A United Nations official in Gaza has tendered an apology for his remarks that the recent Israeli airstrikes on the besieged strip appeared to have been carried out with “sophistication” and “precision”.
UN Relief and Works Agency for Palestine Refugees in the Near East (UNWRA) director Matthias Schmale had made the controversial remarks to Israel's Channel 12 on Sunday.
“I am not a military expert, but I also have the impression that there is a huge sophistication in the way that the Israeli military strikes struck over the last 11 days,” he was quoted as saying. “Yes, they didn't hit, with some exceptions, civilian targets, but the viciousness, the ferocity of those strikes was heavily felt.”
Schmale hastened to add that the “precision was there but there was unacceptable and unbearable loss of life on the civilian side.”
His remarks were vehemently denounced by Palestinian rights groups, as well as regional countries.
Stung by the growing criticism, the UN official later apologized for his comments.
“I deeply regret that my comments about the precision of IDF strikes are being misused to justify what cannot be justified,” he said on Twitter. “Killing children breaks the rules of war and must be independently investigated. There must not be impunity!”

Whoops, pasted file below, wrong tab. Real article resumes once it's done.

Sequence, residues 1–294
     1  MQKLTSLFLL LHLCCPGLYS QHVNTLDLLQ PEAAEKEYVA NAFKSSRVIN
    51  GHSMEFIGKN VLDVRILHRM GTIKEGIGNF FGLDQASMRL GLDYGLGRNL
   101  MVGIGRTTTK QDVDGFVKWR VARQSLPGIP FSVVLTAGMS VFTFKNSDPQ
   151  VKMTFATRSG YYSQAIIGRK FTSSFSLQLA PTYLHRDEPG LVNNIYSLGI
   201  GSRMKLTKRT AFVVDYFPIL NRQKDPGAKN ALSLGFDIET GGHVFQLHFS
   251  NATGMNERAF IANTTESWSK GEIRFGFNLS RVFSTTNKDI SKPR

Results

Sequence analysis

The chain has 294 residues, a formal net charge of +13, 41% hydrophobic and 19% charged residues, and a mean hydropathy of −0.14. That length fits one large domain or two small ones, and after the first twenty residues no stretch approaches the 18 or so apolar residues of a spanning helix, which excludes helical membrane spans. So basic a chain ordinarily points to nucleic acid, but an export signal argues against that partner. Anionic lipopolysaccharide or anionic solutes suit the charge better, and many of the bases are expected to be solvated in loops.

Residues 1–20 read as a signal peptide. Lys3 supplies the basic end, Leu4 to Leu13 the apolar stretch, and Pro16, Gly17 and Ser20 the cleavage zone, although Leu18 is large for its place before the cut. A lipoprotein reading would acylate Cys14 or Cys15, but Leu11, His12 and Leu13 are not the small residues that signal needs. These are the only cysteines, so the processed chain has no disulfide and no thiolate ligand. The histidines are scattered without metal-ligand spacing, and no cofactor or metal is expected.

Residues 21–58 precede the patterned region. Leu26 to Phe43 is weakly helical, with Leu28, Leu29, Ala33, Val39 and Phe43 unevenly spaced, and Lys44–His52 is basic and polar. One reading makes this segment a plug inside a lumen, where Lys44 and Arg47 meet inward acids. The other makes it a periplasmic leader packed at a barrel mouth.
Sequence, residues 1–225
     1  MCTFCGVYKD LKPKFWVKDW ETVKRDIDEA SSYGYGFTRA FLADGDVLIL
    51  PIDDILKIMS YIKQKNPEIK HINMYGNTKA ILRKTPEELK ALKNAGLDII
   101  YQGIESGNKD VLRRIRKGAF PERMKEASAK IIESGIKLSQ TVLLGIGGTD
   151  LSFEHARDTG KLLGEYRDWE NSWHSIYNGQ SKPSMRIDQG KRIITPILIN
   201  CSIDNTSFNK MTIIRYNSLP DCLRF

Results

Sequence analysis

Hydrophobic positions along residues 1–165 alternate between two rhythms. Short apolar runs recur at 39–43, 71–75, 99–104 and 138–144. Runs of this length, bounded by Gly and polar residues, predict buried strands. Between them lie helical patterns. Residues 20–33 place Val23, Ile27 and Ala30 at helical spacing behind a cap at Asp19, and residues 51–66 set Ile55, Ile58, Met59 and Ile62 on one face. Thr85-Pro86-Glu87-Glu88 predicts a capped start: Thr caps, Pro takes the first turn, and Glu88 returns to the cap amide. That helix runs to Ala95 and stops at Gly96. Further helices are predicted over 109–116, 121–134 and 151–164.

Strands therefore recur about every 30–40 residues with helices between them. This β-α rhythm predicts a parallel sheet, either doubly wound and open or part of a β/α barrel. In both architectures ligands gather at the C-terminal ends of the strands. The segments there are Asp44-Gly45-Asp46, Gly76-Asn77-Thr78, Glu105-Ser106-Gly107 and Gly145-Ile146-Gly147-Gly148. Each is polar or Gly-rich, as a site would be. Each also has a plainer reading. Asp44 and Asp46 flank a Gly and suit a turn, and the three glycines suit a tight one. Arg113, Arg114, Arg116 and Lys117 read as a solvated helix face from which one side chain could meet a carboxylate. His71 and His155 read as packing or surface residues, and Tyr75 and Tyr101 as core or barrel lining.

Responding to a news report on Twitter, quoting his remarks, Schmale termed it “manipulative”.
“My issue is that the precise strikes of the sophisticated army killed more than 200 civilians including 20 children that went to UNRWA schools. This is unacceptable and cannot be white washed!” he wrote.
Quoting me like this is, @i24NEWS_EN, is manipulative. My issue is that the precise strikes of the sophisticated army killed more than 200 civilians including 20 children that went to UNRWA schools. This is unacceptable and cannot be white washed! https://t.co/fDi3ajY3h7— Matthias Schmale (@matzschmale) May 25, 2021